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Three Challenge Stoffer in Sackville-Preston-Chezzetcook

By Richard Bell

Long-time New Democratic Party incumbent Peter Stoffer (in office since 1997) faces three challengers in the newly-created riding of Sackville-Preston-Chezzetcook: Liberal Darrell Samson, Conservative Robert Strickland, and Green Mike Montgomery. Redistricting eliminated the eastern-most part of Stoffer’s old riding, Sackville-Eastern Shore.

 

The following four profiles take a look at how each person decided to become a candidate, and some insight into what their priorities will be if elected. For more information, check out their websites and social media postings.

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Peter Stoffer—New Democratic Party 

A conversation with Peter Stoffer after a day of wallowing in national campaign news is like tumbling into a cool, bubbling spring. If you didn’t ask him about politics directly, you might never suspect that you’re dealing with a man who’s been in office since 1997, a man who once held 7 different portfolios, and who continues to be one of the country’s most knowledgeable legislators on his two keenest interests, veterans affairs and shipbuilding.

Stoffer comes from humble beginnings, one of 9 children. Stoffer’s experience in the airline industry taught him the importance of customer service. “In the airlines, if you didn’t treat people right,” Stoffer said, “they’ll fly another airline, and there goes my job.”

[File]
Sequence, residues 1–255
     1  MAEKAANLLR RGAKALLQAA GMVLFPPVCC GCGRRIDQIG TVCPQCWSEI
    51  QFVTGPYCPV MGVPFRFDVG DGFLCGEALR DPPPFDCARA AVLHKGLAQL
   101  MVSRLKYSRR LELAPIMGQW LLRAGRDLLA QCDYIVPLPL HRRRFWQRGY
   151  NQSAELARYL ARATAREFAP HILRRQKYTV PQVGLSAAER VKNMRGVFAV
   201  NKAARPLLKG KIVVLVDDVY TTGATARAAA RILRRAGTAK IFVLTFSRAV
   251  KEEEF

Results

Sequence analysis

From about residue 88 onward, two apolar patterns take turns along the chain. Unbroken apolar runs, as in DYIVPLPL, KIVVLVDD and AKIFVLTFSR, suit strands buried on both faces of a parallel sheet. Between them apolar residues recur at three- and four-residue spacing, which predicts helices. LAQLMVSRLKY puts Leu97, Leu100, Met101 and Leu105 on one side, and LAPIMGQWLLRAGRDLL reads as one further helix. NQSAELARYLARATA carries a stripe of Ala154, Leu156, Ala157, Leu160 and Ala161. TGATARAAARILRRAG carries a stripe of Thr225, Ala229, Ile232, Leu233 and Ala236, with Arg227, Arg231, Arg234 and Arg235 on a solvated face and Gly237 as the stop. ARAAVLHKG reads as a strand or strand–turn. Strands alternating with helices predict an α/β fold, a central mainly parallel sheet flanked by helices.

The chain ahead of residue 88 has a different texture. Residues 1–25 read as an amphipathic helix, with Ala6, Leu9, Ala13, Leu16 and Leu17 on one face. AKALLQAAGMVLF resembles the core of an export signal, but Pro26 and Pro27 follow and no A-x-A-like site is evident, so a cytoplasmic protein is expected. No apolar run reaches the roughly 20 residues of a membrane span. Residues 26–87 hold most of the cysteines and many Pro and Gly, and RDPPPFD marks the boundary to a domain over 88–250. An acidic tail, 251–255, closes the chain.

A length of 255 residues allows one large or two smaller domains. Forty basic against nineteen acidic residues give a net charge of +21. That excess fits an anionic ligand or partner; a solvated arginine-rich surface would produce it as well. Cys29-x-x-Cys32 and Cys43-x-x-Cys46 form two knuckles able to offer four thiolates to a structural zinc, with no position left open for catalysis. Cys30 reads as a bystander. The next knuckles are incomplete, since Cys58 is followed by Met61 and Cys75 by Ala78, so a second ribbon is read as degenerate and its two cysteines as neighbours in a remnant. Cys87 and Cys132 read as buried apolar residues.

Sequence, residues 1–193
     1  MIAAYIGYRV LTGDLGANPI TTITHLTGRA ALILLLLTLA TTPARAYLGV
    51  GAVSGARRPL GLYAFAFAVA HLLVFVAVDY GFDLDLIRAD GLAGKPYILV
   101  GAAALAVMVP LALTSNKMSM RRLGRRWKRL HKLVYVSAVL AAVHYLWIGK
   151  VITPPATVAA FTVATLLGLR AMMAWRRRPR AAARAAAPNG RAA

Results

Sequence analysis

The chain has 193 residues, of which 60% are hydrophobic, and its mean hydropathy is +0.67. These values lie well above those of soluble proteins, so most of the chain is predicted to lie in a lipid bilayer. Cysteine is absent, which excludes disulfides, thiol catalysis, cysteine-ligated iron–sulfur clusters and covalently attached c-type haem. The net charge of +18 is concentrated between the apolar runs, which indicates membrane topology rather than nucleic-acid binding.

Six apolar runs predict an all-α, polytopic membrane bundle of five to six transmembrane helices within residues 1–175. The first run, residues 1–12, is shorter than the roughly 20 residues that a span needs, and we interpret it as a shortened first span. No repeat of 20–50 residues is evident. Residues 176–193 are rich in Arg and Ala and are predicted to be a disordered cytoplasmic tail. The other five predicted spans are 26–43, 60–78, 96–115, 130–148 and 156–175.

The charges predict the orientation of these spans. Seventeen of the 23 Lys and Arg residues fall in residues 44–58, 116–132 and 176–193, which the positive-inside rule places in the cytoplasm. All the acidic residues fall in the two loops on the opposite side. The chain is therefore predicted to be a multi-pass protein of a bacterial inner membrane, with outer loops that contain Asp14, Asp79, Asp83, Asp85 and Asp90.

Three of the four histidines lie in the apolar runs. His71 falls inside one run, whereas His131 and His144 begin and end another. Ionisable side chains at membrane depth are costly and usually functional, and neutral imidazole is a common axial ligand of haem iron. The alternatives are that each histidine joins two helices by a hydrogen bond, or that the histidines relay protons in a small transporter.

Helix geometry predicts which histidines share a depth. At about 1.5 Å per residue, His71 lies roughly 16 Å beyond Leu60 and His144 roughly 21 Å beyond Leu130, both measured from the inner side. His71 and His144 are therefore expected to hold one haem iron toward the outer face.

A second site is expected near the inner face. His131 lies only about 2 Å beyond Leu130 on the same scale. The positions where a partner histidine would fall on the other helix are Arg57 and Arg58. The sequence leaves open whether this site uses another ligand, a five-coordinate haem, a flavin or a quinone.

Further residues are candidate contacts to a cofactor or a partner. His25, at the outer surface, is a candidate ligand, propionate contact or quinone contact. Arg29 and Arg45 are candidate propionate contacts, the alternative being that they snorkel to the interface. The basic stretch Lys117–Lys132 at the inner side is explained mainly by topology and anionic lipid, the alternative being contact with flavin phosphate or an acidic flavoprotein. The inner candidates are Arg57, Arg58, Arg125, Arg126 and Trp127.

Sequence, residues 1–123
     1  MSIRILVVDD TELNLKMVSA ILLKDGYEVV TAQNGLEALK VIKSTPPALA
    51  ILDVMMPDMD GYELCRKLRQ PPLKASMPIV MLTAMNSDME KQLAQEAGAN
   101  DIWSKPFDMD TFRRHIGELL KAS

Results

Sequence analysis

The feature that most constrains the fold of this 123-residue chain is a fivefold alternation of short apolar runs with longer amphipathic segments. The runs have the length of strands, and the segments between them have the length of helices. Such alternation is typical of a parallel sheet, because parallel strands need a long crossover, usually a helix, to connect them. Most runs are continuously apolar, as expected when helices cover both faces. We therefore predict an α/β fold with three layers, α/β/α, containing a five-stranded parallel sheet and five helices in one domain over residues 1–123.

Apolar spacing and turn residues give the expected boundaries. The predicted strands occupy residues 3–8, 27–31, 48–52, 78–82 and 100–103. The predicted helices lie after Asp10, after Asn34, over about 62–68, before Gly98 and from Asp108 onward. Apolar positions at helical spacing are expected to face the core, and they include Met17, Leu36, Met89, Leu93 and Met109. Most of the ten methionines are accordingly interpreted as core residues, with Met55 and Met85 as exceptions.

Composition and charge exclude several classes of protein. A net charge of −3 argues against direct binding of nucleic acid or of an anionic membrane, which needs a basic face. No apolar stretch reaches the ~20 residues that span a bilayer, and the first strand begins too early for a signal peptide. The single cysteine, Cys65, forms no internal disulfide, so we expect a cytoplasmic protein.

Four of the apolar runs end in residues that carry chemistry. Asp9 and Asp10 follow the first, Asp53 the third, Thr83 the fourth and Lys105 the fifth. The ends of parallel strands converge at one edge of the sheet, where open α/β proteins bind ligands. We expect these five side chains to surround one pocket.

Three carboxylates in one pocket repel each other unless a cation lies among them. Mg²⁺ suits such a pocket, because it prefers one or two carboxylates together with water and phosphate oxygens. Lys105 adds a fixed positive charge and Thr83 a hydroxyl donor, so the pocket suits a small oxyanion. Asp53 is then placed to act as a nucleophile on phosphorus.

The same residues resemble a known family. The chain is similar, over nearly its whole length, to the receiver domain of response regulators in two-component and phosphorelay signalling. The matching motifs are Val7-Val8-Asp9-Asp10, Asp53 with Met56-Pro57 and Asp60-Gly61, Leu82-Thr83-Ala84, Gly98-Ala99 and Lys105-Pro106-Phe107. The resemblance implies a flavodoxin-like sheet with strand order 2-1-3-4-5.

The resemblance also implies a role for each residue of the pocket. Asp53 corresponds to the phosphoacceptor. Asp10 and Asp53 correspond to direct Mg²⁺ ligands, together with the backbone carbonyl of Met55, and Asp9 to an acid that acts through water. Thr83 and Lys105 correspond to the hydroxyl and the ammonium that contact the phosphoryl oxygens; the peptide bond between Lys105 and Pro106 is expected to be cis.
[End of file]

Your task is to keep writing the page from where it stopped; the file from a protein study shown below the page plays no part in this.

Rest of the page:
Stoffer’s constituent service is legendary. He returns the vast majority of calls his office receives. He doesn’t do email, or social media. “I want to talk directly to people,” Stoffer said. “It’s really, really exciting when you can help people.”

But Stoffer was quick to point out that his “ace in the hole” was his staff of 4, who handle the follow-up to all of his calls.

When Stoffer joined Parliament in 1997, veterans’ issues were an afterthought on the standing committee for defense and veterans affairs. “Eventually in 2006, Rob Nicholson  [currently Minister for Foreign Affairs]  and I got together, and we got a standing committee for veterans affairs,” Stoffer said. “I’m proud of that.”

When it comes to the refugee crisis, Stoffer blames Stephen Harper from using immigration to “create a wedge among Canadians.”

“I take it personally,” Stoffer explained. “My family were economic refugees from Holland, after the coal industry shut down following World War II. Canada welcomed us with open arms. When the Vietnamese boat people came, 90% of Canadians supported their coming in. I just saw a poll that said 40% of Canadians don’t want to accept more refugees. I was shocked by that number.”

On the raging controversy over the proposed rezoning of land on Highway 7 in Porters Lake to build a construction & demolition (C&D) recycling plant, Stoffer was unequivocal: “My view has always been that if the majority of the affected communities don’t want something in their backyard, then government should honor that request.”